Posted 12 August 2018 by
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The line between Georgia O’Keeffe’s childhood in Wisconsin to her death nearly 100 years later is as jagged, complex, colorful, unique, ever- changing and interesting as the vistas outside her final New Mexico homes.

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Episode 109: Grace O’Malley

Posted 21 July 2018 by
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Gráinne Ui Mháille, Grainne, Granuaile, Gráinne MhaolGrace, That Irish Pirate Queen From the 16th Century…whatever you call her, her life and legacy as a strong, independent, bold, fearless (and yes, criminal) woman doesn’t change.

Statue at Westport House, Co Mayo, Ireland

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Episode 108: The Statue of Liberty

Posted 30 June 2018 by
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She’s neither alive nor dead; she exists but has never taken a breath; her innards are as hard as steel, but just the sight of her has brought men to grateful, hopeful tears. The Statue of Liberty is a she, which makes her fair game for one of our conversations.

 

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Episode 107: Mary Pickford

Posted 11 June 2018 by
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Mary Pickford was an actress, writer, director, producer, studio head and entrepreneur…but she’s often remembered as “that pretty girl with the curls in silent movies.”

Excuse us? Oh no, that just won’t do.

Library of Congress

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Episode 106: Beatrix Potter Revisited and Refreshed

Posted 19 May 2018 by
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This week we’re taking a look back at one of the women who surprised us both, in the most delightful of ways-Beatrix Potter. As time and technology has allowed, we’ve gone back and quietly remastered the audio in a number of our older shows and Beatrix is the latest. When we know better, we do better! (more…)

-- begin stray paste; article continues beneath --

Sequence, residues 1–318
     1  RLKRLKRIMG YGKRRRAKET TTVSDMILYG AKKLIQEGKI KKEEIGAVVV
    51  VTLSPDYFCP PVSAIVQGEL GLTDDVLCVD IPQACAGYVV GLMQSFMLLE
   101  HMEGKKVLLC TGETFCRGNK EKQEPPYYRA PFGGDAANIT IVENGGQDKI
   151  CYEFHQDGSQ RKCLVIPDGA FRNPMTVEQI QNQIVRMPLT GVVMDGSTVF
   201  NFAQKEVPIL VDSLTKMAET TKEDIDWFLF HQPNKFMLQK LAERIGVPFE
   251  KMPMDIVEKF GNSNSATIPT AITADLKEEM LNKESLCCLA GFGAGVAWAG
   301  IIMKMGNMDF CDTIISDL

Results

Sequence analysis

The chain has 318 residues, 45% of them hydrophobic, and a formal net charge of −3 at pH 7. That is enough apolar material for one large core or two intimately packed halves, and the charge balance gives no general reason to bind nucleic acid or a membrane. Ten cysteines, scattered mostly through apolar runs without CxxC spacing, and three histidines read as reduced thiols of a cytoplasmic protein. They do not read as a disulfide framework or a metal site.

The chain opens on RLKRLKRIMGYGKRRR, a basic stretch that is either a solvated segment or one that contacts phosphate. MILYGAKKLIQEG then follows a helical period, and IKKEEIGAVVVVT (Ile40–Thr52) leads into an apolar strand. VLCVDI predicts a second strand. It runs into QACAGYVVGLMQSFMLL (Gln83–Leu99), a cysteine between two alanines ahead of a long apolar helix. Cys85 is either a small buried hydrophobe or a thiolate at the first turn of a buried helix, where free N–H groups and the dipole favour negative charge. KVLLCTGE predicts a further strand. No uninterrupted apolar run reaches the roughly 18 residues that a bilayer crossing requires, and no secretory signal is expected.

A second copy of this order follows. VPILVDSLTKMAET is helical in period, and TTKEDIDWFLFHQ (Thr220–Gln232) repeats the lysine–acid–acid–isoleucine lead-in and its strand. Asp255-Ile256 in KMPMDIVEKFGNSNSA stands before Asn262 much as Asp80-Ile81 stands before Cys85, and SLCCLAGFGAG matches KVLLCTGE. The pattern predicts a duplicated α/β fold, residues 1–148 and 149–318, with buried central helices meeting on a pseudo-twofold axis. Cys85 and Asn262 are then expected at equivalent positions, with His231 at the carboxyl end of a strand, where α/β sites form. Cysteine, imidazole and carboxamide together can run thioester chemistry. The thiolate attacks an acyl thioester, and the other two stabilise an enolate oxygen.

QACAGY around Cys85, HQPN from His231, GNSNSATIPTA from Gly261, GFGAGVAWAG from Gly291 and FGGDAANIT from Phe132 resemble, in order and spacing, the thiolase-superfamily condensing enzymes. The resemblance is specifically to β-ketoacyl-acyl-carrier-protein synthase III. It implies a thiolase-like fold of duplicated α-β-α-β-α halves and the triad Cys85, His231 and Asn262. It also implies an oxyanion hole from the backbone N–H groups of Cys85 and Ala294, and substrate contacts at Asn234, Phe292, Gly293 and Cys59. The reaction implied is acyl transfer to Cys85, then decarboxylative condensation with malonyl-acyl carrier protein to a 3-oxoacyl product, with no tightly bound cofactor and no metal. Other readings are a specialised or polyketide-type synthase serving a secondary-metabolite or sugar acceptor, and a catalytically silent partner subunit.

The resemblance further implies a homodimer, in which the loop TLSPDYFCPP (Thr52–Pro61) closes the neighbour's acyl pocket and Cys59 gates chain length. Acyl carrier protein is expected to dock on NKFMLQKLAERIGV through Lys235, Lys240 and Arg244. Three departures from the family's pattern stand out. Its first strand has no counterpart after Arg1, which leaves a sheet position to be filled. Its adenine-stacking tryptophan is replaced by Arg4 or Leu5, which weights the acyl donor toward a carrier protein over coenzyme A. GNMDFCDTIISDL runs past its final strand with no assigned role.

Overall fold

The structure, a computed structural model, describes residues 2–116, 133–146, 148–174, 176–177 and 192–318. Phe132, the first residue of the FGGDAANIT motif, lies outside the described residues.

Episode 105: Dowager Empress Cixi of China

Posted 30 April 2018 by
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The true story of a woman who, essentially, ruled China for almost 50 years is cloaked by years of inaccurate (read: fabricated) reporting and several sources muddled through translation. Sometimes it feels as if her history is behind the same silk screen where she ruled, a clear outline with veiled detail.

So this’ll be fun!

Yehenara Tsing was born on November 29, 1853. Her name changes several times through her life (and more through translated spellings): Tsing (some sources use her family name which appears first), Lan, Yi and finally the form that she is known to history: Cixi. (more…)

Episode 104: Louisa May Alcott

Posted 8 April 2018 by
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Louisa May Alcott is easily remembered as the author of the sweet coming of age novel about four sisters in Civil War era New England. It was based on her life and her family, but it left out a lot. Like poverty, consistent moving, a father with more lofty ideals than successful methods to deliver them, and writing a large body of work across many genres before she even sat down to write Little Women. Learning her story brings a deeper level of appreciation to all of her work and a good look into the era from a unique perspective.

Plus, it’s a great story of a determined, brilliant and brave woman. Lots to love. (more…)